Today I want to talk about our plans to do just that at the Bank of England, through an ambitious programme to build a new generation of lending tools to help underpin financial stability during periods of exceptional liquidity stress, channelling liquidity directly to resilient NBFIs when capacity constraints prevent banks from lending in sufficient size. I will focus on three specific issues:

1. Why we urgently need the capacity to lend to NBFIs in a stress – and what the ultimate objectives of such facilities should be;

2. How we want to design the facility so it is effective in restoring stability, while incentivising NBFIs to act now to improve their own risk management; and

3. How we can make a practical reality of the new tool, working with NBFIs and their regulators to tackle the many operational challenges involved – starting with UK insurance companies and pension funds, and their newly-resilient LDI funds.

NEED – tackling financial instability caused by core market dysfunction

The driver for building these new tools comes from our statutory responsibility to protect and enhance the stability of the entire UK financial system, encompassing banks, non-banks and markets.

The capacity of banks to threaten financial stability through self-reinforcing runs on short-term deposits has long been understood.footnote [6] There were vivid reminders of that risk this Spring in the US and Switzerland following the failure of Silicon Valley Bank and Credit Suisse. But the way in which NBFIs pose systemic liquidity risks is less immediately obvious. In particular, their funding models may be more opaque, wholesale-focused or longer maturity than traditional bank sight deposits. But the reality is that many NBFIs are still exposed to liquidity mismatch, for example through the use of leverage or other short term funding structures designed to increase exposure and scale up returns (but therefore also potential losses). In executing these strategies, NBFIs are often reliant on concentrated markets, creating a complex web of interconnections between themselves and the wider financial system. While many NBFIs are individually small and non-systemic, common behavioural responses to shocks can still generate systemic market events. In such circumstances, large losses on (leveraged or unleveraged) investment positions, investor redemptions or margin calls, or operational constraints can lead to forced selling in core markets that overwhelms market capacity, causing self-reinforcing price spirals and other forms of dysfunction that threaten financial stability.footnote [7]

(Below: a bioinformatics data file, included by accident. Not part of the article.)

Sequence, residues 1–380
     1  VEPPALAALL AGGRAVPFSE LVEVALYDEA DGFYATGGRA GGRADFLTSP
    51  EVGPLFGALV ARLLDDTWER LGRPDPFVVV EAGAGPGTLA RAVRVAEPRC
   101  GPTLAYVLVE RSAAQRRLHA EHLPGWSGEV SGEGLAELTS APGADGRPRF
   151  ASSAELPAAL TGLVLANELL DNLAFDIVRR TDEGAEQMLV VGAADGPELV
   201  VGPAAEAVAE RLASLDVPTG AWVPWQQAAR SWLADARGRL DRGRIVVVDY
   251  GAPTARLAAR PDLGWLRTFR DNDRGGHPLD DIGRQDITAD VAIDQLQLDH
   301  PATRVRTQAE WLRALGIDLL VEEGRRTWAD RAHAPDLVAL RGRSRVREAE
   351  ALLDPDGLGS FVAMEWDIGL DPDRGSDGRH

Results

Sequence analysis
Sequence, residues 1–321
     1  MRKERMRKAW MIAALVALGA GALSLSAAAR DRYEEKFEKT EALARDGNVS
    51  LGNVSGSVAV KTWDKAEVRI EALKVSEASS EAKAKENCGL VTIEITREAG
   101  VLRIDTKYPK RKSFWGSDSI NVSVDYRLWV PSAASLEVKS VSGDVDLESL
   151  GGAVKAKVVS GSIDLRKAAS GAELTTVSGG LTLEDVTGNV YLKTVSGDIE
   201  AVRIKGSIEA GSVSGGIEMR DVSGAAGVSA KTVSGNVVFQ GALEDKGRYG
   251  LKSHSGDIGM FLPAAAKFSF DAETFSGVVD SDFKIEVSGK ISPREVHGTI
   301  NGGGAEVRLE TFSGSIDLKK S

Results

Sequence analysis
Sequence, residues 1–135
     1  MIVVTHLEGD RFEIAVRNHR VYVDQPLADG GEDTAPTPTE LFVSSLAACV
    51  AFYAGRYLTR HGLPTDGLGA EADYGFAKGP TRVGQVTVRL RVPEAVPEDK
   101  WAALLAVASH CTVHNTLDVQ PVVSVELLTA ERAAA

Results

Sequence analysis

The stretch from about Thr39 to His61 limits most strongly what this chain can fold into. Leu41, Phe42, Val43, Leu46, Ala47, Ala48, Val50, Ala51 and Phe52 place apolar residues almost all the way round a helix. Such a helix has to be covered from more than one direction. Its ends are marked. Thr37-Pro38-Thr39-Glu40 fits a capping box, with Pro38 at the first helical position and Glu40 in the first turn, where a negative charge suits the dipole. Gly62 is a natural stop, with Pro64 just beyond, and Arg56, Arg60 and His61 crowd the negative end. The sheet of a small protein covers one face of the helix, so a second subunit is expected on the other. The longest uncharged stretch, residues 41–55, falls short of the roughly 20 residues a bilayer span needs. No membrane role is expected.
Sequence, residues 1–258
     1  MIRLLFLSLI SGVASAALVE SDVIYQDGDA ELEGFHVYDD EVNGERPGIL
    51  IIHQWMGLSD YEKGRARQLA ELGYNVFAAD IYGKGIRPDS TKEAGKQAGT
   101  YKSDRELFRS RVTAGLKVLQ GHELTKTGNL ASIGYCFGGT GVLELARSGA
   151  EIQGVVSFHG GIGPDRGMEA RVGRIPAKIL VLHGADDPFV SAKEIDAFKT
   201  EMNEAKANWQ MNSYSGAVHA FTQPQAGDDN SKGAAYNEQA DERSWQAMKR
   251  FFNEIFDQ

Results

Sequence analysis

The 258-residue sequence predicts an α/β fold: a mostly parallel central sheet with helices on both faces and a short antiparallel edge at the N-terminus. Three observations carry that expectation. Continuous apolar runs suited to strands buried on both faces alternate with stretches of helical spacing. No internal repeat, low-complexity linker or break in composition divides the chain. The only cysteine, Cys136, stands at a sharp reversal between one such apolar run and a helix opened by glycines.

These risks have crystallised dramatically in recent years – globally in Spring 2020 when the sudden onset of Covid lockdown led to a ‘dash for cash’ by NBFIs and others that overwhelmed sovereign debt markets; and in the UK in Autumn 2022 when a sharp adjustment in gilt yields following the Government’s fiscal announcements triggered large-scale fire sales by LDI funds.footnote [8] In both cases, urgent policy intervention was required to prevent a self-reinforcing downward price spiral in government bond prices causing unwarranted tightening of financing conditions and credit supply to households and businesses.

Though the triggers for both events were highly unusual, the risks posed by NBFIs to financial stability are only set to grow in the years ahead. Households and businesses are ever more reliant on NBFIs for their saving and borrowing. Since the GFC, the non-bank financial system has doubled in size (compared with only a 60% increase in the banking sector), and now accounts for about half of global financial system assets. Indeed, almost all of the £400bn increase in net borrowing by UK businesses over that period came from market-based sources rather than direct bank lending (Figure 1). To support this activity, NBFIs have become increasingly important players in the core markets that lie at the heart of the economic and financial system. But the intermediation capacity in these markets, particularly from dealer banks, has failed to keep pace with their burgeoning size, and struggles to meet the consequent demand for liquidity, particularly at times of stress.

Figure 1: Cumulative change in UK corporates’ net borrowing by source


  • Source: ONS and Bank calculations.

Primary responsibility for ensuring appropriate resilience to the wide and evolving range of idiosyncratic liquidity risks lies with NBFIs themselves – and serious remedial work is still required here, as the Bank’s Financial Policy Committee has set out.footnote [9] But, just as for banks, it is unrealistic for the private sector to self-insure against the most severe system-wide liquidity shocks: in such cases, safeguarding financial stability requires an effective public backstop.